I’ve shot a lot of critters with AR-10s. I’ve used them on predators, feral hogs and even on a couple deer hunts. But you won’t find me hauling one up the mountain to chase elk in my home state of Montana.

The knock on ARs is that they are bulky, awkward to carry, and heavy for their caliber. For a short jaunt to a blind or treestand, they’re great. For stalking game across big country on foot, not so much.

But the DMPS GII is a rifle that makes me reconsider my reflexive “no” when it comes to shouldering an AR for longer hikes.

The GII weighs about a pound less than a regular AR-10 rifle, bringing it down to the weight of an AR-15 and about three-quarters of a pound heavier than a standard weight bolt action.

The engineering behind it is pretty trick. The designers were able to use a bolt carrier group that matches the dimensions of an AR-15. Two elements allow for this: the unique profile of the bolt, and the use of a bolt key that’s integral to the bolt carrier.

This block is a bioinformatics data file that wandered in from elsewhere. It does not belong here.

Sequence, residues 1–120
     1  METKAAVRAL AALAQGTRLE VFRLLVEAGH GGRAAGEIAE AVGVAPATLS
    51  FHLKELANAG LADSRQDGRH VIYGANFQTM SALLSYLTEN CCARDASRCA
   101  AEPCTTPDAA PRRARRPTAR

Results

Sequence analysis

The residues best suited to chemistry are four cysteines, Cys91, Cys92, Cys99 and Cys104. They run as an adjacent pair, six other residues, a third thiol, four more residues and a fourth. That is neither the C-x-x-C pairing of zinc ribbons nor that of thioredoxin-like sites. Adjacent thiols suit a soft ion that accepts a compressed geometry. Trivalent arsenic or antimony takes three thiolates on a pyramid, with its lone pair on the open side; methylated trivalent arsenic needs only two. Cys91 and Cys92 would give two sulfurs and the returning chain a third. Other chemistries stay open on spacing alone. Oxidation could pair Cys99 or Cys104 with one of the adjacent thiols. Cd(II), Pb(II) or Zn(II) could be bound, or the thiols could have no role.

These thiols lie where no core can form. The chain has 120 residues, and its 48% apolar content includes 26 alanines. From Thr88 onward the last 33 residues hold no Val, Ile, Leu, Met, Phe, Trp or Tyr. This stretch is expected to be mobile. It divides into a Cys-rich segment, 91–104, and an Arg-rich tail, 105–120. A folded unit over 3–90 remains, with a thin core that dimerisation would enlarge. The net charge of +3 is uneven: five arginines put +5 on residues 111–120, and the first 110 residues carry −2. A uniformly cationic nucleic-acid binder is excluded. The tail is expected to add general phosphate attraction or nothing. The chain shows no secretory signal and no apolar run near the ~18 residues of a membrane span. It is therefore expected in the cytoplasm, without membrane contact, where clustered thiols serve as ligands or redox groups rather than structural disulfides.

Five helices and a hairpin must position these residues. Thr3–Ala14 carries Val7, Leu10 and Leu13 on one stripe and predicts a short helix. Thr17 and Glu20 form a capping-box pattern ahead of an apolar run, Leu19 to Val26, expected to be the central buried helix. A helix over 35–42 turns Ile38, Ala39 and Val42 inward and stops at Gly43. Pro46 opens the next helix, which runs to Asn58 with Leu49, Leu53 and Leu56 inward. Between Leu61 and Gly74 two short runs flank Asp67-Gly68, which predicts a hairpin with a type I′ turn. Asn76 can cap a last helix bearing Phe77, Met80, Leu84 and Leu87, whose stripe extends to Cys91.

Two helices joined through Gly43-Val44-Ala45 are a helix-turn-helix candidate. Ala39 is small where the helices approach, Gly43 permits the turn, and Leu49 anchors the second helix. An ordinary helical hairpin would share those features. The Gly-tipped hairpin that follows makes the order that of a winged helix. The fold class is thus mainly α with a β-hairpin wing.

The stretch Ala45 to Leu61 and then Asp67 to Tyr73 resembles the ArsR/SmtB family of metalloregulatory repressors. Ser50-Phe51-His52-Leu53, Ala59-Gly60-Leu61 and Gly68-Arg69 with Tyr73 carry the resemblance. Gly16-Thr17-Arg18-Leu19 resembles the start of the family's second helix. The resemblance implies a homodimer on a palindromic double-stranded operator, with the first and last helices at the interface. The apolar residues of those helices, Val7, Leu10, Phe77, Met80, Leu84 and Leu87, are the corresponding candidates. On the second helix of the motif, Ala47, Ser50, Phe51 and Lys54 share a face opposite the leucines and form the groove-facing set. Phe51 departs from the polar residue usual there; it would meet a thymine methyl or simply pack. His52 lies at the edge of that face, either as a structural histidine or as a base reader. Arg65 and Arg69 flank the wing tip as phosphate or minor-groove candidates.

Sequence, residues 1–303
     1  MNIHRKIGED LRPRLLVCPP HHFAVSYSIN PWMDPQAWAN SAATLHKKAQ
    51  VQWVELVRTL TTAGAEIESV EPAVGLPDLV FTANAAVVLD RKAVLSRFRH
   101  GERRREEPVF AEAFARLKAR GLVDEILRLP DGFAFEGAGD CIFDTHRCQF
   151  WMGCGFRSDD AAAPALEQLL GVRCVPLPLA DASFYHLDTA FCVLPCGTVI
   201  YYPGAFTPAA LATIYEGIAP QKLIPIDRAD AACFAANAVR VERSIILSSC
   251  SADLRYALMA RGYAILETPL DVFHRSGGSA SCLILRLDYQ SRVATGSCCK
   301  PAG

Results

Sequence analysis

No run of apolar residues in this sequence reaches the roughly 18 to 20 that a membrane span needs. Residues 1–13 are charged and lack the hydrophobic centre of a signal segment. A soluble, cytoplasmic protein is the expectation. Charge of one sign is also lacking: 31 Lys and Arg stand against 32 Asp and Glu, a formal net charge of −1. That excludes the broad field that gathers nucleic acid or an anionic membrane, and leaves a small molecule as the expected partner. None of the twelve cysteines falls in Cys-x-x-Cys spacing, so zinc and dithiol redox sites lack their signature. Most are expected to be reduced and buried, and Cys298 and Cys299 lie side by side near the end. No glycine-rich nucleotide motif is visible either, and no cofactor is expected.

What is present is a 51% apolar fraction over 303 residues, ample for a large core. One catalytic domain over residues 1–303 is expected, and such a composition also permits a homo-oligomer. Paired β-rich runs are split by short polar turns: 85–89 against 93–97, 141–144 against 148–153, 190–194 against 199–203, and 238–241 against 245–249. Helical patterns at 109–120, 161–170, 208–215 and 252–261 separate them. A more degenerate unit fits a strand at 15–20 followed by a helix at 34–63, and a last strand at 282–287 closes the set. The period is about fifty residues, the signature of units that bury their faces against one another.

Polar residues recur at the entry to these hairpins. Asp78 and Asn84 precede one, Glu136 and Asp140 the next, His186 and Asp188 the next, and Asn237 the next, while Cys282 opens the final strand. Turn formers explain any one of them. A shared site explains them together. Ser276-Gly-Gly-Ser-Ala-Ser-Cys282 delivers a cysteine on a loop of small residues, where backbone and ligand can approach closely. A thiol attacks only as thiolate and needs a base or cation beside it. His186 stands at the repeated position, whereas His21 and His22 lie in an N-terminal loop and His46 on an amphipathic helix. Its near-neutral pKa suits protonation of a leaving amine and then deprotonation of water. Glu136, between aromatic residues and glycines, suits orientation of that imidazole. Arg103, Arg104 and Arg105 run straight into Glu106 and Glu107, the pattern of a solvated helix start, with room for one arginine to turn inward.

While they were mucking around with the innards of the rifle, the designers also took steps to improve the reliability of the platform. AR-10s can be prone to poor cycling. The pressures generated by the .308 can stress and break the extractors and ejectors. The GII has two plunger-style ejectors in the bolt face, which halves the stress on the springs and the extractor has an innovative design, using a polymer buffer in place of a mechanical spring. According to the guys at DPMS, this polymer unit showed no sign of wear or memory after a 30,000-round test.

I haven’t put that many rounds through the rifle, but I can report that I’ve experienced no failures of any sort over the half-year I’ve been using it.

Enough of the behind-the-scenes data. The real question is, does this rifle merit the “Hunter” model designation. (There are six GII rifles in the DPMS lineup currently, including the Hunter.)

Yes, I think it does. The stock is designed smartly. The accuracy is good. It is lighter and more portable. It doesn’t have a bunch of “tacticool” junk hanging off it.

While I wish it were another eight ounces lighter, I have to say it is the first AR-10 I’ve been tempted to take on a real hunt. That said, I’m pretty sure that one of my bolt guns would still get the nod.

The GII has earned a spot on the podium, but it isn’t quite a gold medal hunting rig. At least, not yet.